No one is entirely sure what Ricky Clifton does. But for the past 45 years — exactly as long as Avenue has been in existence — this transplant from Fort Worth, Texas, has been a fixture of the New York design, arts, and fashion scenes. He is a Zelig of the culture who has borne witness to a half century of high life in the city, knows everyone, and is the life of every party.
Tall and thin, known for wearing knit caps with every ensemble, and with an accent that could perhaps be called Lone Star Mid-Atlantic, Clifton is technically an interior decorator. His daring 2010 renovation of artists John Currin and Rachel Feinstein’s SoHo loft — a makeover inspired in part by the homes of third-world dictators and the London members-only club Annabel’s — is still talked about in tastemaker circles. An occasional furniture designer, whose namesake side chair is canonical enough to warrant entry in design dictionaries, he has also been a confidant of Andy Warhol (he once photographed the artist’s two dachshunds dressed as the pope and Jacques Cousteau), a flower arranger for Jacqueline Onassis, a framer to Jean-Michel Basquiat, a cabdriver whose celebrity pick-ups included Philip Johnson and Ginger Rogers, and a hunter-gatherer of designer furniture pieces for the bon ton.
“Ricky is a person who shows up unexpectedly and brings you odd, beautiful pieces that you don’t think you need, but end up becoming your favorites,” Diane von Furstenberg, whose office features animal-print planters that Clifton found for her, once said. “He has an amazing eye and impeccable taste.”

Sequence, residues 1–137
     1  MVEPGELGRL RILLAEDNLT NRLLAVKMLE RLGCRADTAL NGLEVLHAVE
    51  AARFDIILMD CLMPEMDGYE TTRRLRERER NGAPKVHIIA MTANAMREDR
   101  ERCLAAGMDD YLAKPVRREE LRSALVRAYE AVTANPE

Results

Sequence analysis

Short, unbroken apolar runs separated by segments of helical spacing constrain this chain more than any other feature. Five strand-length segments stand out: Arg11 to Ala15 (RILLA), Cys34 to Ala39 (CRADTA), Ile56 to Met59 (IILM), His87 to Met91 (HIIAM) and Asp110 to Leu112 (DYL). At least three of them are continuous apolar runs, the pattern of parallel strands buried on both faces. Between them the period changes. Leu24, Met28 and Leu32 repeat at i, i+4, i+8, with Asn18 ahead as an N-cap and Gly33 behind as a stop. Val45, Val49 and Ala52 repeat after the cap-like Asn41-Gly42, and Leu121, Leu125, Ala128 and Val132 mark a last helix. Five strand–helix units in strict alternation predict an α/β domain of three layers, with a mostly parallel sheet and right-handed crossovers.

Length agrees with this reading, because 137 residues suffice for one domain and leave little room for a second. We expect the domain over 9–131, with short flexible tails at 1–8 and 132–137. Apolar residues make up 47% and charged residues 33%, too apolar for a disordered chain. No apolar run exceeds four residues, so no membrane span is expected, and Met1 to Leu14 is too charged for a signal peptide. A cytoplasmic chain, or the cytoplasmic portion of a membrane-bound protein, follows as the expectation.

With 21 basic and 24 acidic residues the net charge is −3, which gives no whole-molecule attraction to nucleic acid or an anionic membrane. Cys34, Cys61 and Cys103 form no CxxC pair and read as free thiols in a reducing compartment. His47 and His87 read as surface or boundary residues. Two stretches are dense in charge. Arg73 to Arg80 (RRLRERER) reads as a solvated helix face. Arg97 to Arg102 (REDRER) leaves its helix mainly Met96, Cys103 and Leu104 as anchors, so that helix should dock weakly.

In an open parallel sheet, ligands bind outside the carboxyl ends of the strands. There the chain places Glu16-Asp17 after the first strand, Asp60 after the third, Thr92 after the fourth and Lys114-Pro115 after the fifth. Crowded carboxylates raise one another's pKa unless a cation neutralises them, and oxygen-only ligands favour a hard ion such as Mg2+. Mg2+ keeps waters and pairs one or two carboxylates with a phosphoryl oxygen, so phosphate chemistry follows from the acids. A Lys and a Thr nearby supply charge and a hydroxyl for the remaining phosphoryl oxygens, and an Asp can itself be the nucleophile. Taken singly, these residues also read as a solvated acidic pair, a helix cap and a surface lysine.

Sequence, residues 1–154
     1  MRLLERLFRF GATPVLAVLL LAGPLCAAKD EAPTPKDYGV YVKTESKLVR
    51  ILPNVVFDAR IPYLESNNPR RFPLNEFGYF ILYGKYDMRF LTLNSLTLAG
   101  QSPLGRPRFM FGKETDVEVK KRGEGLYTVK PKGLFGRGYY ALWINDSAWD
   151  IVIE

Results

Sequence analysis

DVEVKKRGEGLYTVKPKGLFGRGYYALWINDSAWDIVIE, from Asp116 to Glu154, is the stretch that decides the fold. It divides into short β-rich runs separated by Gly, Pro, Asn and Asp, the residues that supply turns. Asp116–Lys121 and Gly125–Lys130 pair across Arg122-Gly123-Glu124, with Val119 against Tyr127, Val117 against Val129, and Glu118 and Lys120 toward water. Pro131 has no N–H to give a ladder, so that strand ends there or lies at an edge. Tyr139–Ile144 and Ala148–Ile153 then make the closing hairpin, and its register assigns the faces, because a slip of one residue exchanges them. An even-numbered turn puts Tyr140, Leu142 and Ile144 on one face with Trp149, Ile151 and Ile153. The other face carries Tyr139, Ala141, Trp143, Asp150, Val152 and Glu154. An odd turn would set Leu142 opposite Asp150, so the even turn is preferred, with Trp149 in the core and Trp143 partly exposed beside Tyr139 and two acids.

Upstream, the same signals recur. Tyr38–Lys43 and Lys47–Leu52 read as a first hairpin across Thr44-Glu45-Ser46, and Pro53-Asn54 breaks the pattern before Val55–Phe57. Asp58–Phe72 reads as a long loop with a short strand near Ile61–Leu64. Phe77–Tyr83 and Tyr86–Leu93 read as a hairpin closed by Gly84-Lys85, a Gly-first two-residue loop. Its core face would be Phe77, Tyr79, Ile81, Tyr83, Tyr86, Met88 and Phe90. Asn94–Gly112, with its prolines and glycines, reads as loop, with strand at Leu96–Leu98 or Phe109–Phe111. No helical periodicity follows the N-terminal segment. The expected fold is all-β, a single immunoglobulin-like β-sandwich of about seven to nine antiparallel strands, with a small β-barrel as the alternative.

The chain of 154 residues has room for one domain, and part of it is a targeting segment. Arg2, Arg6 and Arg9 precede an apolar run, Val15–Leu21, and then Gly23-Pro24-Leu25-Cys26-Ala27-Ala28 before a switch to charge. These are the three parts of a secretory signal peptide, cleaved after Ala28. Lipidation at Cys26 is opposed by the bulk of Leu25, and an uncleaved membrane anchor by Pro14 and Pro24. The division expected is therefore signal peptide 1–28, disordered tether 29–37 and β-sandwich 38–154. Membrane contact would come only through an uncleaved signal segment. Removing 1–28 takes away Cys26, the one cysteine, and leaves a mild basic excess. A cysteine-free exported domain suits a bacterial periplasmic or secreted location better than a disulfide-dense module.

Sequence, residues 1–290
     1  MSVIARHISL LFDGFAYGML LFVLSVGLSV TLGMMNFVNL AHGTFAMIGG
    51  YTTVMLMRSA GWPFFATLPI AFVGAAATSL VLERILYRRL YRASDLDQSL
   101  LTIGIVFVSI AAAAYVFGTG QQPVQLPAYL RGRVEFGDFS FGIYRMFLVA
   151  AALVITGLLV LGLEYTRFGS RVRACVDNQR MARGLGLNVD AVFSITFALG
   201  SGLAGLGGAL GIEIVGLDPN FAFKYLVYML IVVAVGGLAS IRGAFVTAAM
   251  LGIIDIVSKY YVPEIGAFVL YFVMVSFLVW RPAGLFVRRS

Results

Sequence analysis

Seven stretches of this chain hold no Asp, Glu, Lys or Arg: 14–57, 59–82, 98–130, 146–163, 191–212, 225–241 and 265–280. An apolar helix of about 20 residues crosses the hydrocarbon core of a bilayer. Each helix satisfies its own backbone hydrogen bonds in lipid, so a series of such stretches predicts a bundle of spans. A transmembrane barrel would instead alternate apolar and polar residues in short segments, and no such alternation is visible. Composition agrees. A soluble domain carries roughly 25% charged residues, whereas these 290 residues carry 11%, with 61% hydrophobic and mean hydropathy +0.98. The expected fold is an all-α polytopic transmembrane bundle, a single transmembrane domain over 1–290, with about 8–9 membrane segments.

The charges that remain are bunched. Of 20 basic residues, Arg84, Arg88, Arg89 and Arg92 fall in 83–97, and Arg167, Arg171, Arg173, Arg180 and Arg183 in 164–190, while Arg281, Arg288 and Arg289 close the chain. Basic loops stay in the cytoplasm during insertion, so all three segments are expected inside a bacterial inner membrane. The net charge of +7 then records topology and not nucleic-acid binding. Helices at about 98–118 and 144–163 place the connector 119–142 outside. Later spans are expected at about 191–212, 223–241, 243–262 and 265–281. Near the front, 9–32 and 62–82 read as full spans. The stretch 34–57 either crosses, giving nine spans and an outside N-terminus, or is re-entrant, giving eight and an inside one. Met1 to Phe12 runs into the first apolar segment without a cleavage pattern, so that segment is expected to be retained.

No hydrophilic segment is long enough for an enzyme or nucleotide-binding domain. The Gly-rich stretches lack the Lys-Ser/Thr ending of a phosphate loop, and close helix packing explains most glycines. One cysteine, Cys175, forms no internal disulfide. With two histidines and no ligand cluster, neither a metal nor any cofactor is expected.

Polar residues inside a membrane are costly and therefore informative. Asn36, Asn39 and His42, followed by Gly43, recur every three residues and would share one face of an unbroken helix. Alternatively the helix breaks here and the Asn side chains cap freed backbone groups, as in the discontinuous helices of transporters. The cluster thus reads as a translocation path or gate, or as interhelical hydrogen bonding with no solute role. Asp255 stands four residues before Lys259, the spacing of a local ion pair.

No wonder people are confused. Even Clifton himself has trouble describing his line of work, admitting that when he is desperate for an apt descriptor he has been known to compare himself to Cuban-American artist Jorge Pardo, whose work explores the intersection of various disciplines. “I ask them if they know him,” he told Avenue. “It’s just easier.”
Clifton was speaking from the Chelsea home of artists Helen and Brice Marden, where he has been crashing since the beginning of the pandemic while they hunkered down upstate and his Gramercy apartment was being repaired. As ever, his conversation was on his own terms and ricocheted wildly, from the billionaire space race to the Gucci supremacy and some largely forgotten talents, such as the illustrator Joe Eula and the pioneering florist and horticulturist Tony DiPace. “He is the reason we have orchids at Kmart now,” he assured me, before dovetailing into a discussion of Jackie O’s pewter collection.
What would the cast of characters he has known over the years make of New York today? “They would probably recoil,” he lamented. “It’s all gotten so mindless and gross. Everything is commodified — it’s basically one big mall after another until you hit the Pacific Ocean.”
Not that he has time to fixate on the city’s decline. He has three renovation projects on the same street in the West Village (“papa bear, mama bear and baby bear jobs,” as he calls them); an auction of his curios and collectibles in Hudson in the fall; and a series of printed portraits to complete that bring to mind the square format of Instagram. In addition, he has resumed work on a coffee-table book (he would prefer a hybrid of a scrapbook and the Cecil Beaton Diaries) that tries to make sense of his life. Besides, says the man who was once thrown out of Halston’s apartment after being caught going through the designer’s closet, “I learned a long time ago to just do your thing and mind your own business.”